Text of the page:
1892 Laguna Salada earthquake
|Date||24 February 1892|
|Magnitude||7.1 – 7.2 Mw|
|Countries or regions||Mexico, USA|
|Max. intensity||X (Intense)|
The 1892 Laguna Salada earthquake occurred at 23:20 Pacific Standard Time on February 23 (07:20 UTC on February 24). It had an estimated magnitude of 7.1–7.2 on the moment magnitude scale and a maximum perceived intensity of X (Intense) on the Mercalli intensity scale. The earthquake takes its name from a large dry lake bed in Baja California, Mexico. There were no reported casualties, but the very large shock affected the largely-uninhabited areas of northern Mexico and southern California.
The Salton Trough is part of the complex plate boundary between the Pacific Plate and the North American Plate where it undergoes a transition from the continental transform of the San Andreas Fault system to the series of short spreading centers of the East Pacific Rise linked by oceanic transforms in the Gulf of California. The southern part of the trough is divided into two by the Sierra Cucapa and Sierra Mayor ranges forming the Mexicali Valley to the east and the Laguna Salada to the west. The western side of these ranges is formed by the Laguna Salada Fault, which forms a possible continuation of the Elsinore Fault Zone of southern California. The Laguna Salada Fault shows combined normal (down to the southwest) and dextral (right lateral) movement. Prior to 2010 it showed evidence of recent (probably historical) displacement with a 22 km (14 mi) zone of surface faulting, with 3–4 m (9.8–13.1 ft) of vertical displacement. This is interpreted to be associated with the 1892 earthquake. The fault moved again during the 2010 Baja California earthquake.
The earthquake was felt over a wide area from Los Angeles and San Bernardino in the north to San Quintin in the south. The area in which the perceived intensity of shaking reached VIII (destructive) or more was centered on the mapped fault rupture.
A report from the Los Angeles Times the following day stated no damage was found in Los Angeles, but also specified that severe shocks were felt in San Diego. Masonry walls were cracked in several buildings there, as well as the outlying communities of Otay and Jamul. At the abandoned Carrizo Creek Stage Station, in what is now Anza-Borrego Desert State Park in eastern San Diego county, poorly built masonry was damaged and all adobe buildings were destroyed. At Hook Ranch and Laguna Station the shaking was strong enough to throw people off their feet and at Dulzura Canyon and McCain Valley the ground was seen to move in waves. There were rockfalls at Bratton Valley, Tierra Blanca Canyon, Storm Canyon and Whale Peak and landslides at Dulzura Canyon and Devil's Canyon.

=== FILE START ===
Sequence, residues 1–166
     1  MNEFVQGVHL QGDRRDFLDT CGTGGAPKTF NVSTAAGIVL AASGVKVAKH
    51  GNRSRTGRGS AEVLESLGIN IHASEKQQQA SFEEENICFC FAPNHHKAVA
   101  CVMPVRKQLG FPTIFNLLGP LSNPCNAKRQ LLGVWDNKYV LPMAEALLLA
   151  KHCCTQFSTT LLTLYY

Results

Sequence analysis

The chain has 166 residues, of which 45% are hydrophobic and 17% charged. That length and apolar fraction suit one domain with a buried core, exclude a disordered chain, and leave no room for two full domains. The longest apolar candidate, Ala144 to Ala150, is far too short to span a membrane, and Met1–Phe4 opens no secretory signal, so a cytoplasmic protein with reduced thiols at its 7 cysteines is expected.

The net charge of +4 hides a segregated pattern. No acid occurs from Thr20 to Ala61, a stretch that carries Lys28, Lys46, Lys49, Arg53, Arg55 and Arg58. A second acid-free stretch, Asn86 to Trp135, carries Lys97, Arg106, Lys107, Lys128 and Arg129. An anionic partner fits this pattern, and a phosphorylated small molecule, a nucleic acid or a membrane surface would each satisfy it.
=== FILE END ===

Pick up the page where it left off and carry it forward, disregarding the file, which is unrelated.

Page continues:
- Hough, S.E.; Elliot A. (2004). "Revisiting the 23 February 1892 Laguna Salada earthquake". Bulletin of the Seismological Society of America (Seismological Society of America) 94 (4): 1571–1578. Bibcode:2004BuSSA..94.1571H. doi:10.1785/012003244.
- Mueller, K.J.; Rockwell T.K. (1995). "Late quaternary activity of the Laguna Salada fault in northern Baja California, Mexico". Geological Society of America Bulletin (Geological Society of America) 107 (1): 8–18. doi:10.1130/0016-7606(1995)107<0008:LQAOTL>2.3.CO;2.
- National Geophysical Data Center. "Comments for the Significant Earthquake". Retrieved 3 January 2012.
- United States Geological Survey (April 10, 2010). "Magnitude 7.2 - BAJA CALIFORNIA, MEXICO". Retrieved 5 January 2012.
- "The Earthquake; No Damage in the City; Heavy Shocks at San Diego; More Quakes This Morning", Los Angeles Times, February 25, 1892
- Stephen R. Van Wormer, Sue Wade, Susan D. Walter, and Susan Arter (June 30, 2007). "An Isolated Frontier Outpost – Historical and Archaeological Investigations of the Carrizo Creek Stage Station". California Department of Parks and Recreation. Retrieved 2012-01-07.
- Stover, C.W.; Coffman, J.L. (1993). Seismicity of the United States, 1568-1989 (Revised). U.S. Geological Survey Professional Paper 1527. United States Government Printing Office. p. 110.